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Title page for ETD etd-03272008-140527

Type of Document Dissertation
Author Kanies, Cindy Lynn
URN etd-03272008-140527
Title Enrichment of AU-rich Element Containing mRNAs during Intestinal Cell Epithelial-mesenchymal Transition: Roles, Mechanisms, and Significance
Degree PhD
Department Cancer Biology
Advisory Committee
Advisor Name Title
Robert J. Matusik Committee Chair
Bonnie LaFleur Committee Member
Neil A. Bhowmick Committee Member
R. Daniel Beauchamp Committee Member
  • mRNA stability
  • microarray
  • colorectal cancer
  • Ras
  • transforming growth factor beta
  • AU-rich element
  • Metastasis -- Molecular aspects
  • Colon (Anatomy) -- Cancer -- Molecular aspects
  • Ras oncogenes
Date of Defense 2007-12-07
Availability unrestricted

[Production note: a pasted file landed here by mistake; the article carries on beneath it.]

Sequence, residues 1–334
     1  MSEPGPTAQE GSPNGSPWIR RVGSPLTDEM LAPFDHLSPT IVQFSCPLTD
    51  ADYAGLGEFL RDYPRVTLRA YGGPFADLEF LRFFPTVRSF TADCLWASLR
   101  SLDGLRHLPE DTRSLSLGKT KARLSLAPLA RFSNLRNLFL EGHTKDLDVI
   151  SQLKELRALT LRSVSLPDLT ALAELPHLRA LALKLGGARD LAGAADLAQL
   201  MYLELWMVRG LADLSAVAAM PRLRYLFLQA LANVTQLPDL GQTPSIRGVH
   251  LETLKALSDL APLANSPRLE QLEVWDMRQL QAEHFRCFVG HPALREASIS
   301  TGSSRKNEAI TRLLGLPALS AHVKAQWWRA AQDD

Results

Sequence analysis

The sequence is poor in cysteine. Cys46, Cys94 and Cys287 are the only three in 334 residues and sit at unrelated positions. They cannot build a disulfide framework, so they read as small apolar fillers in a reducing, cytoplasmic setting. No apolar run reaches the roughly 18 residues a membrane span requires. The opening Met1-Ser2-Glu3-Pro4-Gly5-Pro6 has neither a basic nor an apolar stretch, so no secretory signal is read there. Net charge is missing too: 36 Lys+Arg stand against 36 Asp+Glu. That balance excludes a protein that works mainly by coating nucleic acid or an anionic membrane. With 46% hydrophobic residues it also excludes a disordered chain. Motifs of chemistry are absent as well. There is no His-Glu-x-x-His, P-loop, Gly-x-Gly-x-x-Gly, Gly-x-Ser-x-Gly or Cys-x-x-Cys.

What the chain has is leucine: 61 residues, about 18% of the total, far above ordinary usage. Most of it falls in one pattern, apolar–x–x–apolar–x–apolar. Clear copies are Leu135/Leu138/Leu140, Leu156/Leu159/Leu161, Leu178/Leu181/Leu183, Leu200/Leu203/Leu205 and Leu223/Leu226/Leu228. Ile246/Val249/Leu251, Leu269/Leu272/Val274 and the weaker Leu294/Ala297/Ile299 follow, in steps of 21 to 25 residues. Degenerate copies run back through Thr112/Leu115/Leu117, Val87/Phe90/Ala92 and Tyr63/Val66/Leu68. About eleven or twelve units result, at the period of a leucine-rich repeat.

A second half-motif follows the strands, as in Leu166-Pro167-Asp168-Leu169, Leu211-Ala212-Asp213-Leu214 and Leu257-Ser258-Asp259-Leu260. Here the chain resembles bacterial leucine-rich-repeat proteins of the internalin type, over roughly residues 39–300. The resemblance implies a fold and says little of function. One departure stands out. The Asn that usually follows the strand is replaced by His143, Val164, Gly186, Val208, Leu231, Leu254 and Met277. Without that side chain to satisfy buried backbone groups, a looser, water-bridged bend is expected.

Colon cancer progression is frequently characterized by activating mutations in Ras and emergence of the tumor promoting effects of TGF-beta signaling. Ras-inducible rat intestinal epithelial cells (RIE:iRas) undergo a well described epithelial to mesenchymal transition (EMT), acquiring an invasive phenotype in response to H-RasV12 expression and TGF-beta treatment, modeling tumor progression. The gene expression profile accompanying Ras and TGF-beta-induced EMT in RIE:iRas cells was characterized by microarray analysis. Ras and TGF-beta cooperatively regulate 329 transcripts during EMT, many of which are of known importance in tumor progression. In particular, several EGF family receptors and ligands, which are shown here to be necessary for TGF-beta-induced EMT in both RIE:iRas and LIM1863 human colorectal cancer cells, were shown to be synergistically regulated by these combined treatments. In addition, enrichment of a class of mRNAs containing 3’ AU-rich element (ARE) motifs known to regulate mRNA stability were synergistically regulated by Ras and TGF-beta. Among these, vascular endothelial growth factor (VEGF), a key regulator of tumor angiogenesis, was synergistically regulated in both RIE:iRas cells as well as in an independent cell culture model (YAMC) and was further shown to be regulated by a post-transcriptional mechanism. Expression profiling of human colorectal cancers (CRC) further revealed that many of the ARE-containing genes were differentially expressed in stage 4 human colon adenocarcinomas compared to adenomas. Furthermore, genes differentially expressed in CRC are also significantly enriched with ARE-containing transcripts. These studies demonstrate that oncogenic Ras and TGF-beta globally regulate genes containing AREs in association with EMT by a post-transcriptional mechanism with potential clinical significance.
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